Electronegativity is a measure of the attraction that an atom has for the bonding pair of electrons in a covalent bond.
Two scales of electronegativity are in common use: the Pauling scale (proposed in 1932) and the Mulliken scale (proposed in 1934). There is also a Allred-Rochow scale.
The Pauling scale was devised in 1932. On this scale, the most electronegative element (fluorine) is given an electronegativity value of 4.0; the least electronegative element (francium) has a value of 0.7, and the remaining elements have values in between. The elements in the second period of the periodic table are sometimes given rounded values (to make them easier to remember):
- Li: 1.0
- Be: 1.5
- B: 2.0
- C: 2.5
- N: 3.0
- O: 3.5
- F: 4.0
On the Pauling scale, hydrogen is arbitrarily assigned a value of 2.1 or 2.2.
On the Mulliken scale, numbers are obtained by averaging ionization potential and electron affinity. Consequently, the Mulliken electronegativities are expressed directly in energy units, usually electron volts. It was proposed by Robert S. Mulliken in 1934.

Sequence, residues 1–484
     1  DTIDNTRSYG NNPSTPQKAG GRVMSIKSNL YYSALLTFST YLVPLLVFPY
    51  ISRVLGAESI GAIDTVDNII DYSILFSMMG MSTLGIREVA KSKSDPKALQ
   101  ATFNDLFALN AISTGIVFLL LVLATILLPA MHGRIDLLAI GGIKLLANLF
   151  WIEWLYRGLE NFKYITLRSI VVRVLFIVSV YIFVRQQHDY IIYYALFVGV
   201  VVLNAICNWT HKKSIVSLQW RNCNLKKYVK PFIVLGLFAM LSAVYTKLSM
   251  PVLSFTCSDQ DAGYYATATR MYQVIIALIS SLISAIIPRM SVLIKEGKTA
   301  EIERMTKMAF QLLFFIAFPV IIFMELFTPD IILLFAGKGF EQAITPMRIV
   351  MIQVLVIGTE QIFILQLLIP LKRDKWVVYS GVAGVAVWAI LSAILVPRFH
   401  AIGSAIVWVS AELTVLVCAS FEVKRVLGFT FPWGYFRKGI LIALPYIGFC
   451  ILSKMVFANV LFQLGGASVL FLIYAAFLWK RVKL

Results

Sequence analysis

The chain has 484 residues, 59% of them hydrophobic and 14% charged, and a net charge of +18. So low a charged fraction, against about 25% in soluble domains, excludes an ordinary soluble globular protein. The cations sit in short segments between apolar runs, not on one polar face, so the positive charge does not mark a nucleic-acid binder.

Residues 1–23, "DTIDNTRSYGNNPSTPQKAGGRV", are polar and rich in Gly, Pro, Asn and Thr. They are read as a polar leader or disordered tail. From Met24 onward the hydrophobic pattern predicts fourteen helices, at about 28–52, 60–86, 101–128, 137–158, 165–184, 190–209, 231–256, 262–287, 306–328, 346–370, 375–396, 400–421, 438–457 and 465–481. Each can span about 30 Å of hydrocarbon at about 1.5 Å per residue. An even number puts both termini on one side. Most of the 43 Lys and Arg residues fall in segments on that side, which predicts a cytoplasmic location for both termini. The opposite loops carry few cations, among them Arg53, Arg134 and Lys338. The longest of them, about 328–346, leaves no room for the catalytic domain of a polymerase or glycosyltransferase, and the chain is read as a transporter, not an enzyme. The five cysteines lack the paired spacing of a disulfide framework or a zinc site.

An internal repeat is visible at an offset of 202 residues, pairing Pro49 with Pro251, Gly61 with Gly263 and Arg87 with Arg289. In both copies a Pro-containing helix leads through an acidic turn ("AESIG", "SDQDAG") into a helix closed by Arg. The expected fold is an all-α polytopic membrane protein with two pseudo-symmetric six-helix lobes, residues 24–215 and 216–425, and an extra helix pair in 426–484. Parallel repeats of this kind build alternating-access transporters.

Each element has a characteristic electronegativity ranging from 0 to 4 on the Pauling scale. The most strongly electronegative element, fluorine, has an electronegativity of 4 while weakly electronegative elements, such as lithium, have values close to 1. The least electronegative element is caesium at 0.7. Electronegativity trends are to higher values for elements in the top right of the periodic table. The δEN indicates the ionic character of a bond. Bonds between atoms with a large electronegativity difference (greater than or equal to 1.7 on the Pauling scale) are usually considered to be ionic, while values between 1.7 and 0.4 are considered polar covalent. Values below 0.4 are considered non-polar covalent bonds. Electronegativity differences of 0 indicate a completely non-polar covalent bond.
Electronegativity decreases down the periodic table and increases across, as shown below. Additionally, atomic radius decreases across but ionization energy increase.